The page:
John Bracken was most successful when he was able to act as an administrator and could avoid the political theatre. He was, by his own admission, “not a colourful figure” and was happiest when attending to the task of governing. He will be remembered more for his career as Manitoba’s premier than as leader of the federal Progressive Conservative Party and should be considered not only a competent administrator, but someone who offered stable government and continuity during the extremely difficult years of the Great Depression. His most enduring legacy, however, may be the issue he raised by his insistence on non-partisanship, prompting reflection as to whether Canadian democracy is better served by a non-partisan technocratic government with little public involvement or by a partisan government reflecting the attitudes and opinions of one or a few of the groups in a country whose citizens are engaged by and divided over the great socio-economic issues of the day.

Robert Wardhaugh and Jeremy Nathan Marks

Arch. of Man. (Winnipeg), John Bracken fonds. Arch. of Ont. (Toronto), RG 80-2-0-198, no.17379; RG 80-5-0-404, no.21850. Library and Arch. Can. (Ottawa), R4417-0-6. Gerald Friesen, The Canadian prairies: a history (Toronto, 1984). J. [E.] Kendle, John Bracken: a political biography (Toronto, 1979). W. L. Morton, Manitoba: a history (Toronto, 1957). Robert Wardhaugh and Jason Thistlewaite, “John Bracken, 1922–1943,” in Manitoba premiers of the 19th and 20th centuries, ed. Robert Wardhaugh and B. [G.] Ferguson (Regina, 2010), 105–92.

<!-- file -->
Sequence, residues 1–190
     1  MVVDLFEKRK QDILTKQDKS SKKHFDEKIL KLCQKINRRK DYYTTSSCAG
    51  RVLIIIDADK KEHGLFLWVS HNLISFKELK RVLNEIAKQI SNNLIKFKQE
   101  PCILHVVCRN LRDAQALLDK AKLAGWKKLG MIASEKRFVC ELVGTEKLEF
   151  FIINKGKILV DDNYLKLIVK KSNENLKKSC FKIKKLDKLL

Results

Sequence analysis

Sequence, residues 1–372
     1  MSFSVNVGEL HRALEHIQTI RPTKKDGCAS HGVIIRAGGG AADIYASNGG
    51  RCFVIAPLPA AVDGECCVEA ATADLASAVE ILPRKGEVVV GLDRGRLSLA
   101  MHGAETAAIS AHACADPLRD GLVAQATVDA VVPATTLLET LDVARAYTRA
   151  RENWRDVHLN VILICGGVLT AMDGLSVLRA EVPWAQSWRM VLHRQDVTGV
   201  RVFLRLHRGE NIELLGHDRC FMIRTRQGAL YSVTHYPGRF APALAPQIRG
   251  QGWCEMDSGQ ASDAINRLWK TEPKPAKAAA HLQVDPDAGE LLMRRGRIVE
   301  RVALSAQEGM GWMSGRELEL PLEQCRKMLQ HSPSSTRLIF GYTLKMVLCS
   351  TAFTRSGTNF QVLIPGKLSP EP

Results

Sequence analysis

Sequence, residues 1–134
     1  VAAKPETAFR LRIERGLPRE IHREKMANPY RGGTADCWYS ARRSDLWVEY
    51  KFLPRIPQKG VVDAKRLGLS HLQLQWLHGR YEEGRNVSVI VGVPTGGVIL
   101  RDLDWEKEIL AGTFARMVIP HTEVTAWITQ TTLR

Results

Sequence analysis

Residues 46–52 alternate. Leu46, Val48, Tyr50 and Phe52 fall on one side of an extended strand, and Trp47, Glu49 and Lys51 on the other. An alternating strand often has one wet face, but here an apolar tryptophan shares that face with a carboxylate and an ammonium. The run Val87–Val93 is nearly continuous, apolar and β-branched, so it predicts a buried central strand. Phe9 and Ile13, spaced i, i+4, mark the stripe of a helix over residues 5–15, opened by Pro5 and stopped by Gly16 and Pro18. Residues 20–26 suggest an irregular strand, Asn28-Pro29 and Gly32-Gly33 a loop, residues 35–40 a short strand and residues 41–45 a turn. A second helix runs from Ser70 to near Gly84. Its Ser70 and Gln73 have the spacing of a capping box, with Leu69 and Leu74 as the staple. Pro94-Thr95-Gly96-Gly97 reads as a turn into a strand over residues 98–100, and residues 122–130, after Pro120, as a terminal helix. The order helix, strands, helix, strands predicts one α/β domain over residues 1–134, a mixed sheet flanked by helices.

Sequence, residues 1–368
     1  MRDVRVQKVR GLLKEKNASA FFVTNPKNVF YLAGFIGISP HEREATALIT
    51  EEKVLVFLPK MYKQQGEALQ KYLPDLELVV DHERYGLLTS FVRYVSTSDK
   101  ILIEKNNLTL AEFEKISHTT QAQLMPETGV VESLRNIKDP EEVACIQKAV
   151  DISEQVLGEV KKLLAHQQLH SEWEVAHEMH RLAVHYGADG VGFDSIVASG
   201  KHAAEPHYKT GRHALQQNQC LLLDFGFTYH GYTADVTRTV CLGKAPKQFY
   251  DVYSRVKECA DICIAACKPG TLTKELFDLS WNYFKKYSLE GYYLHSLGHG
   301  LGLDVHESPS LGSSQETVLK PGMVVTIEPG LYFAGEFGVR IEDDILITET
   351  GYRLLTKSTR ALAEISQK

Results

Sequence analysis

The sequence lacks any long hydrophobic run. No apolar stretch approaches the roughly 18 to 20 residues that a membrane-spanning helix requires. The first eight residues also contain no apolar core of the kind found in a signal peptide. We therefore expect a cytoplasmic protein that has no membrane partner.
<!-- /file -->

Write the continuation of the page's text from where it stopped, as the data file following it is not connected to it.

General Bibliography

Cite This Article

Robert Wardhaugh and Jeremy Nathan Marks, “BRACKEN, JOHN,” in Dictionary of Canadian Biography, vol. 19, University of Toronto/Université Laval, 2003–, accessed April 14, 2024, http://www.biographi.ca/en/bio/bracken_john_19E.html.

The citation above shows the format for footnotes and endnotes according to the Chicago manual of style (16th edition). Information to be used in other citation formats:

Permalink:   http://www.biographi.ca/en/bio/bracken_john_19E.html
Author of Article:   Robert Wardhaugh and Jeremy Nathan Marks
Title of Article:   BRACKEN, JOHN
Publication Name:   Dictionary of Canadian Biography, vol. 19
Publisher:   University of Toronto/Université Laval
Year of publication:   2016
Year of revision:   2016
Access Date:   April 14, 2024